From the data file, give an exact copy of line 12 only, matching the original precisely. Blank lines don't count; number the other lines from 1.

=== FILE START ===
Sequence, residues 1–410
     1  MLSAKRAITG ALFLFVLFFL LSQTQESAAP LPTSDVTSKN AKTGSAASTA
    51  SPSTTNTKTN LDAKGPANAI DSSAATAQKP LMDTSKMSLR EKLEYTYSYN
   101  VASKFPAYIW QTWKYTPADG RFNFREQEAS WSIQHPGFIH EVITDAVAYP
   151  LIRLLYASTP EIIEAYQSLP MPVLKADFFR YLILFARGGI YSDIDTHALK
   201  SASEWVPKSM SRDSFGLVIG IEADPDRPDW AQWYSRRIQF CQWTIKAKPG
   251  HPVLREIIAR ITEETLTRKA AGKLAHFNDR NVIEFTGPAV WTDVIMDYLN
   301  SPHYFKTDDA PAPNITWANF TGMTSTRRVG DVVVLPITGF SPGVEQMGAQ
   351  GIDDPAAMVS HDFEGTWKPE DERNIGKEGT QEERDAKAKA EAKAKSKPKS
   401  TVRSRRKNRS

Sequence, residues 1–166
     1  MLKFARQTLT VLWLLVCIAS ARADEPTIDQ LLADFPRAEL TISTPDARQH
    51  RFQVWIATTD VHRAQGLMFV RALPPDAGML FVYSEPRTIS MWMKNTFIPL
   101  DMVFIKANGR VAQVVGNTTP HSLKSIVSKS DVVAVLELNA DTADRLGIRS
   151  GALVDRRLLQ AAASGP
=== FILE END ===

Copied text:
     1  MLKFARQTLT VLWLLVCIAS ARADEPTIDQ LLADFPRAEL TISTPDARQH